Since the death toll in Puerto Rico from Hurricane Maria was officially raised to 2,975, it has been acknowledged as one of the deadliest disasters in U.S. history, and the deadliest hurricane in more than 100 years. But many have argued it didn’t have to be that way, pointing to a less-than-adequate response from the federal government.
Now, a study led by members of the University of Michigan (UM) School of Public Health and published in the British Medical Journal Global Health Friday added fuel to those suspicions by comparing the government’s response to Hurricanes Irma and Harvey in Florida and Texas the same year, and finding its actions in Puerto Rico both slower and less financially generous.
“What we found is that there was a very significant difference in not only the timing of the responses but also in the volume of resources distributed in terms of money and staffing,” lead author and UM School of Public Health doctoral candidate Charley Willison said in a press release. “Overall, Hurricane Maria had a delayed and lower response across those measures compared to hurricanes Harvey and Irma. It raises concern for growth in health disparities as well as potential increases in adverse health outcomes.”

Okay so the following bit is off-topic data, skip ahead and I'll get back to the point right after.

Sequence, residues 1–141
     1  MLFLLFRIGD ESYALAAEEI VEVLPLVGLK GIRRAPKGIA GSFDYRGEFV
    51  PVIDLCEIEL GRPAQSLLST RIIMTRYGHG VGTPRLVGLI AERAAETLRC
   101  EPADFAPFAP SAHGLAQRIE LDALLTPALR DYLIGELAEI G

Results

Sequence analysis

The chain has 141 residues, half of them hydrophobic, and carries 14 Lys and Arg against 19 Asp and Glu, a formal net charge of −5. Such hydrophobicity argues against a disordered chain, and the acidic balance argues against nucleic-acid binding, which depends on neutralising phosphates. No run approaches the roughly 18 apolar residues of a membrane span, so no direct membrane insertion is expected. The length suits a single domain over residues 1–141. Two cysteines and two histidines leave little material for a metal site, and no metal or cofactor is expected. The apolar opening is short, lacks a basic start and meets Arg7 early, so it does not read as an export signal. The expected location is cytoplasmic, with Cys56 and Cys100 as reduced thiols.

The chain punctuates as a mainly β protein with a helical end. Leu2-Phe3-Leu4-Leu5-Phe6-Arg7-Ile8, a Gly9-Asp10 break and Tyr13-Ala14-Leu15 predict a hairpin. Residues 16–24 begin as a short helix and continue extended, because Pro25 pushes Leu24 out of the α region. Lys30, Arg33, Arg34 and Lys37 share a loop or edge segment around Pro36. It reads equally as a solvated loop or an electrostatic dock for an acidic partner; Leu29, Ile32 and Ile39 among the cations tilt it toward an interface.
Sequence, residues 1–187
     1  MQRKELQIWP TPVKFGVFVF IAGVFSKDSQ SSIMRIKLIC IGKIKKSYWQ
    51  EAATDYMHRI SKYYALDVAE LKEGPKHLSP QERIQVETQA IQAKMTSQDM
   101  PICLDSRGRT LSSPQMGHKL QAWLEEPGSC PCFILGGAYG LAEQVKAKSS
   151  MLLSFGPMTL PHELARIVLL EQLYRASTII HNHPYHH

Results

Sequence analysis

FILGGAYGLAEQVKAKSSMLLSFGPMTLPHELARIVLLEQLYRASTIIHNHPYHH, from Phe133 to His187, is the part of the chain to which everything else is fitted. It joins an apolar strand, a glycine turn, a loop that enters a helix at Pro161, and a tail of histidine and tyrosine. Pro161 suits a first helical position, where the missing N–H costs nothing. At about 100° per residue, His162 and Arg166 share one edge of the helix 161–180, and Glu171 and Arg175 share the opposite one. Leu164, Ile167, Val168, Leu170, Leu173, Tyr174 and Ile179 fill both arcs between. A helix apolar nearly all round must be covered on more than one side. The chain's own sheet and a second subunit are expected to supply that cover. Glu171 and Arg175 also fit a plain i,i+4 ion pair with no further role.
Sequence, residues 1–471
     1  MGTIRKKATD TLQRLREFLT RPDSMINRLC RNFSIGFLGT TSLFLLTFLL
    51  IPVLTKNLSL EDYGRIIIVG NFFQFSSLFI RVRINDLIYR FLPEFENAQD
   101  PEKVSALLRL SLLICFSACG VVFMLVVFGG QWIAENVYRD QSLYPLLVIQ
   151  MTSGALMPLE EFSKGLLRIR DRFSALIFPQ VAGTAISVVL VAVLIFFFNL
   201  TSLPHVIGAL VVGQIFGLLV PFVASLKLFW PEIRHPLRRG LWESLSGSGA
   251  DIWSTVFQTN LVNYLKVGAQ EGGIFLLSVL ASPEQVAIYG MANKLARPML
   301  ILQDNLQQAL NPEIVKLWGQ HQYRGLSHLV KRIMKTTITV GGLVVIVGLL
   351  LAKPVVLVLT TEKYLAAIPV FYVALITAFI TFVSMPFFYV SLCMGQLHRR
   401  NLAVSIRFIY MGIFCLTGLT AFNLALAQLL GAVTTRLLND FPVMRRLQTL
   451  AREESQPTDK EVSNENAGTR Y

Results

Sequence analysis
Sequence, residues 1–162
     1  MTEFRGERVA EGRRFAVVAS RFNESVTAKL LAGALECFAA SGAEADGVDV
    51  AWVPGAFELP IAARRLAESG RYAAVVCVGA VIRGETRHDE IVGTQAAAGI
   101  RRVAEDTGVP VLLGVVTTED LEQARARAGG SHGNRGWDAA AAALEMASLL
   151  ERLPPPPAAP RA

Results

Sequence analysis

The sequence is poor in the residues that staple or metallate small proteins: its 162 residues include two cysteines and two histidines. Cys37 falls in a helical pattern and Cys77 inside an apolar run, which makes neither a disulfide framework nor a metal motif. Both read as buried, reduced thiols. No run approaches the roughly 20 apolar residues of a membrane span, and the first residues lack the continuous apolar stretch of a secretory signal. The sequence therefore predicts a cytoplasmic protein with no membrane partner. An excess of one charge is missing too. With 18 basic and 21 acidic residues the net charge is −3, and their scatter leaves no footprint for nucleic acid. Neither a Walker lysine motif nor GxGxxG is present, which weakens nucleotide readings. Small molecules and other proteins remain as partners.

The researchers compared disaster responses following the three hurricanes, accounting for the need of the survivors and the severity of the storm. They relied on Federal Emergency Management Agency (FEMA) and National Oceanic and Atmospheric Administration (NOAA) data, as well as congressional and media reports.
“The analysis shows that the disaster response to the three hurricanes did not align with storm severity and may affect deaths and recovery rates,” Willison said.
Here are some examples of the disparities researchers discovered.
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